The quality of biosimilars was one of the challenges identified from the results of a survey carried out by the World Health Organization (WHO) . The survey, which was carried out in 2019‒2020, revealed that despite the efforts of WHO in helping Member States implement the evaluation principles in the WHO biosimilar guidelines  into their regulatory practices, challenges still remain.
Quality of biosimilars
The WHO survey found that there was a significant problem with the quality of some biosimilars (and even more with non-originator products). They noted that ‘some countries have products called biosimilars but that were approved prior to the establishment of a regulatory framework for biosimilars approval’. WHO has recommended avoiding use of the term similar biotherapeutic product (SBP) or biosimilar for products that have not been evaluated in line with the principles in the WHO Biosimilar Guidelines.
The WHO Expert Committee on Biological Standardization adopted guidelines for biosimilars at its 60th meeting in October 2009 . The guidelines contain advice on such problems/products, which WHO believes should help to alleviate this problem, however, it also recognizes that this will clearly take time and requires resources.
The authors acknowledge that the problem of being able to clearly distinguish between real biosimilars and non-biosimilar, non-originator products continues and is compounded by products being called biosimilars when they are not. They add that ‘the terminology used for [non-originator] products should not be confused by calling them biosimilars, and such products may need to be reassessed by regulatory authorities to establish their suitability for clinical use/marketing’. This calls for an efficient and comprehensive pharmacovigilance system and will also require post-marketing surveillance. This, according to the experts, is the only way to ensure the efficacy and safety of biologicals, including biosimilars.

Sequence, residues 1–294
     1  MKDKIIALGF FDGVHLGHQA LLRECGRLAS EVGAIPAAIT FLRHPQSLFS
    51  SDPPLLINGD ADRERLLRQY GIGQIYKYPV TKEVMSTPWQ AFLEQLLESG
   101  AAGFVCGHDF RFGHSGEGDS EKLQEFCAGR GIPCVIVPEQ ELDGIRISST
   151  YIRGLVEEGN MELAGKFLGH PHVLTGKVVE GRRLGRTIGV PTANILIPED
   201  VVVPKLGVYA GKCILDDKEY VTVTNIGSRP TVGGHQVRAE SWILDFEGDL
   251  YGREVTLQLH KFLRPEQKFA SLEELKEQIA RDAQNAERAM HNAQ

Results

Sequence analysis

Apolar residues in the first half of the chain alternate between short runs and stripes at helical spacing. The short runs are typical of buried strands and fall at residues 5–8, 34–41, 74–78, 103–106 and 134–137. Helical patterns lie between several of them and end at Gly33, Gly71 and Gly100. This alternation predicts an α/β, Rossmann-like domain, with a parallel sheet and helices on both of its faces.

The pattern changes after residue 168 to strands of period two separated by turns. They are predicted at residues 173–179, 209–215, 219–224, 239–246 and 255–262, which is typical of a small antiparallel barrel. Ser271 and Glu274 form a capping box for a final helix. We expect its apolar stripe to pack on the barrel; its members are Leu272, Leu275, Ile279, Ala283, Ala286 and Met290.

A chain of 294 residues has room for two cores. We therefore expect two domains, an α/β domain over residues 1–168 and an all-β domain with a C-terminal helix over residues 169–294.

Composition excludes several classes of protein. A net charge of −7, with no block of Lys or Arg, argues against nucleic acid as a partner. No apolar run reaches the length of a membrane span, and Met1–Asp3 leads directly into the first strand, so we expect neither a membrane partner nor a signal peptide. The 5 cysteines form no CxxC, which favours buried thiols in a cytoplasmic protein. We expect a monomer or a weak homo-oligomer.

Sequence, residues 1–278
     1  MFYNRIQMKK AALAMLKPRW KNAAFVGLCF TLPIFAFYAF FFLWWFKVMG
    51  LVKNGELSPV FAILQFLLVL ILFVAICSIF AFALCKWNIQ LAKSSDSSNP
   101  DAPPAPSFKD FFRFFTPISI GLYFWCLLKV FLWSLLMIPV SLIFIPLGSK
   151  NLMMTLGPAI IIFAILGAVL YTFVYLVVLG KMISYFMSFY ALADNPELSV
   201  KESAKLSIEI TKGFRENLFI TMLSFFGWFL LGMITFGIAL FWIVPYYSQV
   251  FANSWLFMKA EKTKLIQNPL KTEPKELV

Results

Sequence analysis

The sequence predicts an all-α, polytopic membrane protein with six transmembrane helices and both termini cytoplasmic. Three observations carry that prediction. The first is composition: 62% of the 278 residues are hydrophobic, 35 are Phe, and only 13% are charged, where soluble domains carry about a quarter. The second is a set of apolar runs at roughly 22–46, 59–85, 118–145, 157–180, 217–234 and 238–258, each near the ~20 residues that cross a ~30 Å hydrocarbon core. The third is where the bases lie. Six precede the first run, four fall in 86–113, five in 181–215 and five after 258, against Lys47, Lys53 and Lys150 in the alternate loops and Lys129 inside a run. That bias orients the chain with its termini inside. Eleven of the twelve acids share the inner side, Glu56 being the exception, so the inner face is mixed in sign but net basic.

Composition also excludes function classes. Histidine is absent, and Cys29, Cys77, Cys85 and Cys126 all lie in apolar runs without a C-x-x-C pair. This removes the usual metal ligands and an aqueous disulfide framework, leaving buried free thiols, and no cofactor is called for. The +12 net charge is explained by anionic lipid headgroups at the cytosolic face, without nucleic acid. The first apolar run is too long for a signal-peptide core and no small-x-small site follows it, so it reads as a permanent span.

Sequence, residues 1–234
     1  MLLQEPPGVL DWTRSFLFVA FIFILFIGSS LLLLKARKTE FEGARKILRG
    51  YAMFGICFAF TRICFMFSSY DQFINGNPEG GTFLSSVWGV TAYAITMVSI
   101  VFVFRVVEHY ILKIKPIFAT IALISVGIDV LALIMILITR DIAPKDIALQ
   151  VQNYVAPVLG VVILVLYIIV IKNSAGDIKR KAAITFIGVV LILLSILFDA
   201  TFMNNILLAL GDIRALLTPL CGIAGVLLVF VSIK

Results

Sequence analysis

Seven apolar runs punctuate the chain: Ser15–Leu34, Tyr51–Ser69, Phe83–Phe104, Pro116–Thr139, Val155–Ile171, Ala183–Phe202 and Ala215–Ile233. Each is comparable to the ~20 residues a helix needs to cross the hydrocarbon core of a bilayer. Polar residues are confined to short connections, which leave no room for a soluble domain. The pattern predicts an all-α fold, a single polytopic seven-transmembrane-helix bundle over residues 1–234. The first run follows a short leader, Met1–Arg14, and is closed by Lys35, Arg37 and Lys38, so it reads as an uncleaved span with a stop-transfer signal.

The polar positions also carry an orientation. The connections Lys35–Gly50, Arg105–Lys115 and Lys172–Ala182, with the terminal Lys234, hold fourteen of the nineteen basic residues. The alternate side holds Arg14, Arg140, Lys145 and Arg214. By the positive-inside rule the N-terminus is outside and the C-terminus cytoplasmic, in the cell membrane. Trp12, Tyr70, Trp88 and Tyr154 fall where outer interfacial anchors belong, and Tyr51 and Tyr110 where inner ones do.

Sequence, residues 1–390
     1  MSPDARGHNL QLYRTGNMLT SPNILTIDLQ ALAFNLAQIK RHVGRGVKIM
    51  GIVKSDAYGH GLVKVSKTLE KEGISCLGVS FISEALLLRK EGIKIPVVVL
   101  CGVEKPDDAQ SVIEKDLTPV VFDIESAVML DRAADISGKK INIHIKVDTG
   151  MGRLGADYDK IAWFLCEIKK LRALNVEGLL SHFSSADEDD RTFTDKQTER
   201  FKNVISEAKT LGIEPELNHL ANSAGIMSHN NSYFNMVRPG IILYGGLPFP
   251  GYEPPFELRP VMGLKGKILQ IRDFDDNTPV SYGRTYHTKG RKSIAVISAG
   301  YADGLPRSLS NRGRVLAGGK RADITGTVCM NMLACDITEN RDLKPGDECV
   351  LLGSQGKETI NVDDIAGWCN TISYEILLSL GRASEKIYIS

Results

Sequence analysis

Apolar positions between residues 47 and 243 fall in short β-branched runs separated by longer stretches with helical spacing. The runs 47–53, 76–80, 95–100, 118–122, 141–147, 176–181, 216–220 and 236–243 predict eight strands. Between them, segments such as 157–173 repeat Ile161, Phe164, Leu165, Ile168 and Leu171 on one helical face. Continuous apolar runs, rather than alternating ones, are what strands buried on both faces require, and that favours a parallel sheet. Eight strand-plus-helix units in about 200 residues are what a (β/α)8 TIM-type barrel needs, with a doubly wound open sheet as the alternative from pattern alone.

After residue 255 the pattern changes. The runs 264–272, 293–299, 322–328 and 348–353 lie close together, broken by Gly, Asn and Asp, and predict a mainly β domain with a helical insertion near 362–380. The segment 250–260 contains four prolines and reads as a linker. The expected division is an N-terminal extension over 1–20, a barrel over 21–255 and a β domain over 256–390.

Pharmacovigilance is especially important as some clinical issues only become evident during such pharmacovigilance phases due to the low incidence of their occurrence. This has been highlighted by examples such as the unwanted immunogenicity issues with erythropoietin products that leads to pure red cell aplasia (PRCA) . Although erythropoietin induced PRCA is a very serious problem, its incidence is relatively low, making it normally undetectable during clinical trials. It can, however, be detected during the pharmacovigilance stages.
Conflict of interest
The authors of the research paper  declared that there was no conflict of interest.
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To further enhance the objectives of GaBI in sharing information and knowledge that ensure policies supportive of safe biosimilars use, we are pleased to announce that we will be launching a new section on GaBI Online and GaBI Journal, the ‘Latin American Forum’ (in Spanish) featuring the latest news and updates on research and developments in generic and biosimilar medicines in Latin America.
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1. ang HN, Thorpe R, Knezevic I, et al. Regulatory challenges with biosimilars: an update from 20 countries. Ann N Y Acad Sci. 2020 Nov 21. doi: 10.1111/nyas.14522. Epub ahead of print.
2. GaBI Online - Generics and Biosimilars Initiative. Global guidelines for biosimilars [www.gabionline.net]. Mol, Belgium: Pro Pharma Communications International; [cited 2021 Feb 5]. Available from: www.gabionline.net/Guidelines/Global-guidelines-for-biosimilars
3. GaBI Online - Generics and Biosimilars Initiative. Epoetin alfa and pure red cell aplasia [www.gabionline.net]. Mol, Belgium: Pro Pharma Communications International; [cited 2021 Feb 5]. Available from: www.gabionline.net/Biosimilars/Research/Epoetin-alfa-and-pure-red-cell-aplasia
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